© Fountainhead Antique Auto Museum
|Photo courtesy of Candy Waugaman|
Many fashionable coats of the 1920s had large shawl collars and enormous cuffs trimmed with fur from fox, sable, ermine, mink, chinchilla, Persian lamb or even monkey. As the decade progressed, women's coat styles became less fitted, with belts dropping from the natural waist to the hips, and then disappearing altogether. A common style was the cocoon coat, which fit loosely on top and narrowed at or near the knees.
Elegant wraps, especially the oriental-style evening coats popularized by designer Paul Poiret, were a favorite among flappers. Few had snaps, hooks or buttons, as they were meant to be worn open. Common fabrics included silk, velvet, satin, lamé, and gold and silver brocades. Many had large, kimono sleeves and were decorated with embroidery, tassels, metallic braids, fur or even jewel beetles, like this coat we have on display. The sleeves and hem on the reversible lamé coat at left are trimmed with what looks like monkey fur, but is actually tufted silk. Does anyone else think this coat could be a Poiret creation?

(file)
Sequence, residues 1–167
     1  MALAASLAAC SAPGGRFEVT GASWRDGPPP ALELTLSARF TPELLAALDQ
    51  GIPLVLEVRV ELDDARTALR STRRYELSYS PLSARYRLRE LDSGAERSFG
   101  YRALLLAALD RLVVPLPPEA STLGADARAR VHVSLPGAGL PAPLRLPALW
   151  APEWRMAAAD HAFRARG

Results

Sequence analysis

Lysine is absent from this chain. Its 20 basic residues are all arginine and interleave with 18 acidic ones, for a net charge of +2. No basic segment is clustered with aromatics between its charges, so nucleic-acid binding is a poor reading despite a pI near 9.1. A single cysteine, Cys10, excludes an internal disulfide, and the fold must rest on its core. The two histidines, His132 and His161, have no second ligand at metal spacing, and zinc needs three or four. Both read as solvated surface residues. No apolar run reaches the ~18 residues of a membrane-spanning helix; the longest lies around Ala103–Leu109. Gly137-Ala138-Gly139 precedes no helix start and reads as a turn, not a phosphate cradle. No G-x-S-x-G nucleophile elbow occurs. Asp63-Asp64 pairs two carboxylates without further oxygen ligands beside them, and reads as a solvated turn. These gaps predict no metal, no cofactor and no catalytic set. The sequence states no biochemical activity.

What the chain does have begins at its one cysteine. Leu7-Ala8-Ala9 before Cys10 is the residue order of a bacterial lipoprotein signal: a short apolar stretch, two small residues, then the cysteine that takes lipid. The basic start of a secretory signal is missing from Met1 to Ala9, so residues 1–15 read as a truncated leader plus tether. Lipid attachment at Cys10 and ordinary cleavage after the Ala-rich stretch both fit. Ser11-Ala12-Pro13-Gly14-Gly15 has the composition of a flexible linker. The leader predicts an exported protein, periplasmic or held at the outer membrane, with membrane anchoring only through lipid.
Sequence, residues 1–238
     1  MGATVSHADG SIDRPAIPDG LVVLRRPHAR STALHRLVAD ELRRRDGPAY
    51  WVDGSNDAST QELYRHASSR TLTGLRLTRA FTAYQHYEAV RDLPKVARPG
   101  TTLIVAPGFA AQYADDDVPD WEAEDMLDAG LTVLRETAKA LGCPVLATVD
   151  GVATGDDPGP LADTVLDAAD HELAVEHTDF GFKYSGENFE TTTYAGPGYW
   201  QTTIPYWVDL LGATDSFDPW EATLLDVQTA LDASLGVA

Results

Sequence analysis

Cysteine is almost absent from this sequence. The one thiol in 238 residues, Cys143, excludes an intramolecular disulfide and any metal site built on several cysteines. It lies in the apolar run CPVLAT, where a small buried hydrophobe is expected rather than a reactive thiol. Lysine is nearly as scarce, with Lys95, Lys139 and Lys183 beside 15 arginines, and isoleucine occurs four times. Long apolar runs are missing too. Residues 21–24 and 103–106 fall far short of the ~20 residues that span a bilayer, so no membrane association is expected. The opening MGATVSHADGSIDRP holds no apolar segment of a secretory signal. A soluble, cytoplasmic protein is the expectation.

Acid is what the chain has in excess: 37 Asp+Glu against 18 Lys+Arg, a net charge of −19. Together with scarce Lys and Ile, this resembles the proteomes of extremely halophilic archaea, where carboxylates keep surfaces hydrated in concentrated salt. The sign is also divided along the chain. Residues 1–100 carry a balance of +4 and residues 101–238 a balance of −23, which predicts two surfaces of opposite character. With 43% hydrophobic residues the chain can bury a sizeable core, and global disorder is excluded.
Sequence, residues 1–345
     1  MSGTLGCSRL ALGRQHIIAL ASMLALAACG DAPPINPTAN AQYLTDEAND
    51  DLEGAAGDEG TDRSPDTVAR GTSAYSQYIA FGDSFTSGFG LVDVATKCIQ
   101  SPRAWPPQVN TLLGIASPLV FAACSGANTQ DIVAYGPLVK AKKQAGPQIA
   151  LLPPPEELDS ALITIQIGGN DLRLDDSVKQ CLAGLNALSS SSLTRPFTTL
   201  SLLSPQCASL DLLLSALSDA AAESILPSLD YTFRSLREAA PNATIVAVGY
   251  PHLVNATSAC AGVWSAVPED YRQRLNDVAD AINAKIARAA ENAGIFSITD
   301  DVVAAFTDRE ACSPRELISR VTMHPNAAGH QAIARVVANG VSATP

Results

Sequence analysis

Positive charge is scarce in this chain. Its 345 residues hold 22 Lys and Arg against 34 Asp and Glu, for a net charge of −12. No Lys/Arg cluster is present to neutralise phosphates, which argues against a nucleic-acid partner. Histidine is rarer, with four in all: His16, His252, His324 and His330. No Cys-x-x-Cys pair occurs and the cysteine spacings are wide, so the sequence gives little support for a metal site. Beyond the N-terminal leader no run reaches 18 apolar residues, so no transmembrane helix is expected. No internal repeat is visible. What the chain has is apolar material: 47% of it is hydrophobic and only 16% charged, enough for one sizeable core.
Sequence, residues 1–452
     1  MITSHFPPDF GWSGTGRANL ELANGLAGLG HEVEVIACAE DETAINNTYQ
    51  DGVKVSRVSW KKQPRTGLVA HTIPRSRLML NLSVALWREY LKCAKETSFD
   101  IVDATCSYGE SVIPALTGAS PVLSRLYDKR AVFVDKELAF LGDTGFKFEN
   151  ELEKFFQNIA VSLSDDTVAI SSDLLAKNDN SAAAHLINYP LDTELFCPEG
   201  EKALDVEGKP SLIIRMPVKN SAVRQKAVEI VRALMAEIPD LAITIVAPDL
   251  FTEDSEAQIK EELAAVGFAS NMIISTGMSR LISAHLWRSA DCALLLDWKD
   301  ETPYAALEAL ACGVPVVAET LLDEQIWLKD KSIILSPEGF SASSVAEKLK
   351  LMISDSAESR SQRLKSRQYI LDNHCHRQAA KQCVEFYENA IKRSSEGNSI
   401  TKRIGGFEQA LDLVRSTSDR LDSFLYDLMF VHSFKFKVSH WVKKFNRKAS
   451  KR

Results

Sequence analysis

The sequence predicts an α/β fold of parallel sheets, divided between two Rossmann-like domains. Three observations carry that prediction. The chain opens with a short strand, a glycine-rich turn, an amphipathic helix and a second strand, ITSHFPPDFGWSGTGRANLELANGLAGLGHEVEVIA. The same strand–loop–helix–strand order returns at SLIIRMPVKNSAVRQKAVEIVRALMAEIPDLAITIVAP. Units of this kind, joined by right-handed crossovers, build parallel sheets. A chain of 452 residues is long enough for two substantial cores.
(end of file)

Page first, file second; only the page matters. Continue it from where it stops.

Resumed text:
Another common cover for evening wear was a lightweight wrap, cape or shawl made of silk, chiffon, rayon or tulle. Many featured beautiful embroidery or beading in floral, Art Deco or Egyptian motifs--the latter attributed to the public's fascination with the discovery of King Tut's tomb in 1922. Fringe or macramé was common on the lower edge of shawls.
We hope you'll visit and check out the lovely historic outerwear we have on display. Our fashion curator frequently puts new pieces out on display, so you never know what treasures you might encounter!